Legal Challenge to Benefit Cap Imposes Indirect Discrimination Against Carers

Citation: [2015] EWHC 3382 (Admin)
Judgment on


The case of Hurley & Ors v Secretary of State for Work And Pensions scrutinizes the legality of the benefit cap imposed by the Housing Benefit Regulations 2006 (as amended) under the Welfare Reform Act 2012, particularly in relation to carers. The case delves into significant legal discourse on the rationality of legislation, potential indirect discrimination against unpaid carers and those they care for, and the interaction of domestic law with European Convention on Human Rights (ECHR).

Key Facts

The judicial review consolidated two claims related to the application of the benefit cap on individuals, including the first and third claimants, who receive Carer’s Allowance (CA) for providing at least 35 hours of care weekly to severely disabled persons. The cap aims to achieve fairness among working households and increase work incentives, while also reducing benefits expenditure. The claimants argue that the non-exemption of CA recipients like themselves is irrational (or disproportionate) and discriminatory contrary to Article 14 of the ECHR, while the defendant highlights the Parliamentary debate and approval process underlying the cap’s implementation.

The case hinges on several key legal principles:

  1. Rationality and the Wednesbury Principle: The traditional common law test of irrationality, derived from Associated Provincial Picture Houses v Wednesbury Corporation [1948], requires that all relevant factors be included in the decision-making process, and only decisions no reasonable authority would make be considered irrational. The judge in this case acknowledges some recent judicial opinion favoring a proportionality test, noting that the level of scrutiny may depend on the context and gravity of the issue decided.

  2. Proportionality: The notion of proportionality provides structural scrutiny, considering suitability, necessity, and balance of benefits versus disadvantages within judicial review. It is particularly relevant in assessing interference with ECHR rights.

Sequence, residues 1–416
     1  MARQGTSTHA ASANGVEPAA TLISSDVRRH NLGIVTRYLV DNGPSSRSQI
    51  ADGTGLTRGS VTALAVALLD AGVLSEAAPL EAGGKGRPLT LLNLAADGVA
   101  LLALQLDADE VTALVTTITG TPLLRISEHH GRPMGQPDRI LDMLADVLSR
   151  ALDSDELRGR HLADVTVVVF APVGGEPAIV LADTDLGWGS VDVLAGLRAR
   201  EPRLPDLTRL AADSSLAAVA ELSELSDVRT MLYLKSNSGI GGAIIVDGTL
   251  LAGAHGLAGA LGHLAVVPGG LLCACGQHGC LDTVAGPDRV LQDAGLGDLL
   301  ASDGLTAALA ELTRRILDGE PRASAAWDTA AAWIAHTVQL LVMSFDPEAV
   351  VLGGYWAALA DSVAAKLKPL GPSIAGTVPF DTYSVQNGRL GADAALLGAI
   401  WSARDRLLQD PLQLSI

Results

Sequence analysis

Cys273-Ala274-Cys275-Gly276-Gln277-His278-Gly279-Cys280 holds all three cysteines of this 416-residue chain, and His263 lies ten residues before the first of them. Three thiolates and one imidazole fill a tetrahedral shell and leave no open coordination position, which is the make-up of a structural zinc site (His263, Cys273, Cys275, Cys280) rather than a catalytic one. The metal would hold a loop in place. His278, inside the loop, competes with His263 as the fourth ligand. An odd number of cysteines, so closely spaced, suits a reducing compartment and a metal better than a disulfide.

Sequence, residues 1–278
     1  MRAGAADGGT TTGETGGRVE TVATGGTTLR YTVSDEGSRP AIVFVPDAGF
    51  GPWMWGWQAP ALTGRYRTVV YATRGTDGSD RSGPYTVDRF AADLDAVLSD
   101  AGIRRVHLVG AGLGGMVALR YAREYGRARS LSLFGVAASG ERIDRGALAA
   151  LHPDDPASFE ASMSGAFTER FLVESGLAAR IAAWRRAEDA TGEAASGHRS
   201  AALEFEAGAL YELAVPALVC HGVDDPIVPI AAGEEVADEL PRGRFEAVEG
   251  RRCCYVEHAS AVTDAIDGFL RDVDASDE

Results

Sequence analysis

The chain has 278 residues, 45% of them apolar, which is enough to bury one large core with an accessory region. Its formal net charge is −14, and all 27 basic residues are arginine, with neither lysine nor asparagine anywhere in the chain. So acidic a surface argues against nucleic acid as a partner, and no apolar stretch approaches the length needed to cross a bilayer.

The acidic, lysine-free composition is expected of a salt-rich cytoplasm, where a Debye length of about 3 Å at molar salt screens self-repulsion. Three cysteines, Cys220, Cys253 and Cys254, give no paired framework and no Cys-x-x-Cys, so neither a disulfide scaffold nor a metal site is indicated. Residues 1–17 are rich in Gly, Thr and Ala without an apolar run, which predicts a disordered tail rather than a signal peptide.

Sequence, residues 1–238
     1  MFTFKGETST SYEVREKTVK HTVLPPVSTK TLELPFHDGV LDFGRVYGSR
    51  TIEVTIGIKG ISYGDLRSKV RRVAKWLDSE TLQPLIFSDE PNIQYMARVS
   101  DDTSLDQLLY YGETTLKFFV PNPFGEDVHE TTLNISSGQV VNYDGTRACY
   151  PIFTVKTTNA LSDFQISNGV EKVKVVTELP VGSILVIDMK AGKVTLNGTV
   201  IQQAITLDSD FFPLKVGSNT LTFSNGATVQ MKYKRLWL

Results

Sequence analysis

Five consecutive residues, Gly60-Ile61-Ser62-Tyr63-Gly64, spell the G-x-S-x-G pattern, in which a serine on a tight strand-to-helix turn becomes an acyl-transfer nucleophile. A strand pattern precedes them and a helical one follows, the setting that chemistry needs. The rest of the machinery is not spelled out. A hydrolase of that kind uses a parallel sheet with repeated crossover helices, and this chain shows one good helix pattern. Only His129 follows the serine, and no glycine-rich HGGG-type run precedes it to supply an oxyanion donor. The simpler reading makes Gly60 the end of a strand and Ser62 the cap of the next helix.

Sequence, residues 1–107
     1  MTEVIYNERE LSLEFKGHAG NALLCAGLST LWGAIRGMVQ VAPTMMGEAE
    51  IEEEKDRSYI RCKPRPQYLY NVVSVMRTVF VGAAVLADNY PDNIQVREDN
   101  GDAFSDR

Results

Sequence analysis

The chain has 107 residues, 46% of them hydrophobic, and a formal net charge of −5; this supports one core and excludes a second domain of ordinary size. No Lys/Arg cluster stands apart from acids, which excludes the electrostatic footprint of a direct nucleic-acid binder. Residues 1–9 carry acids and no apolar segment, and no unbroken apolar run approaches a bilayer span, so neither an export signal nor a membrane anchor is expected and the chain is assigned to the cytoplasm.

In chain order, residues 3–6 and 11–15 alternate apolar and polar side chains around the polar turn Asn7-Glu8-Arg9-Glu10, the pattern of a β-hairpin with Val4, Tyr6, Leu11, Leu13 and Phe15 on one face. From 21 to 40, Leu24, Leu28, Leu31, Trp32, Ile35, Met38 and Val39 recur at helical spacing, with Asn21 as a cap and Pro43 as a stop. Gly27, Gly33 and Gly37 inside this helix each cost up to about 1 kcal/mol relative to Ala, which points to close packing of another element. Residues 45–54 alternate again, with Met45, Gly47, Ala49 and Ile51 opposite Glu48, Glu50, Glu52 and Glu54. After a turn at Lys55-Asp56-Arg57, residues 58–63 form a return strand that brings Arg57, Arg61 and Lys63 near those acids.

3. Impact on Fundamental Rights: The claim that non-exemption of CA recipients negates A1P1 rights of the European Convention on Human Rights is accepted, necessitating a justification for any interference. The potential indirect discrimination also intersects with Article 14 (prohibition of discrimination) and Article 8 (right to respect for private and family life).

  4. Discrimination - Direct, Indirect, and Thlimmenos Discrimination: Indirect discrimination occurs when a policy disproportionately affects a group with a particular status. Thlimmenos discrimination extends this notion to cases where the State, without reasonable justification, fails to treat differently persons whose situations are significantly different.

  5. The “Manifestly Without Reasonable Foundation” Test: This standard is applied to differential treatment when considering general measures of economic or social strategy, particularly in the context of State benefits, deferential to governmental policy choices unless shown to be manifestly without reasonable foundation.


The court concludes that the regulation applying the benefit cap on individual carers is not per se unlawful at common law, as the legislators and Parliament considered the necessary material facts and the decision was therefore reasoned. However, the non-exemption of these individual family carers is deemed unlawful due to indirect discrimination against the disabled, which is not objectively justifiable. The court posits that if the policy had explicitly considered the effect of the benefit cap on carers of family members, there might be a different discernment regarding the legality of the discrimination.


In the case of Hurley & Ors v Secretary of State for Work And Pensions, the court underscores the principle of rationality as a staple in judicial review, but also opens the door to a more nuanced proportionality assessment, particularly where fundamental rights are engaged. Despite acknowledging the legitimate aims of the benefit cap, the court finds that failing to exempt individual family carers results in unjustifiable indirect discrimination against the disabled. Ultimately, the decision illustrates the tension between Parliamentary sovereignty, statutory interpretation, and human rights considerations, emphasizing the complexities of balancing policy objectives with the rights of vulnerable individuals under the ECHR.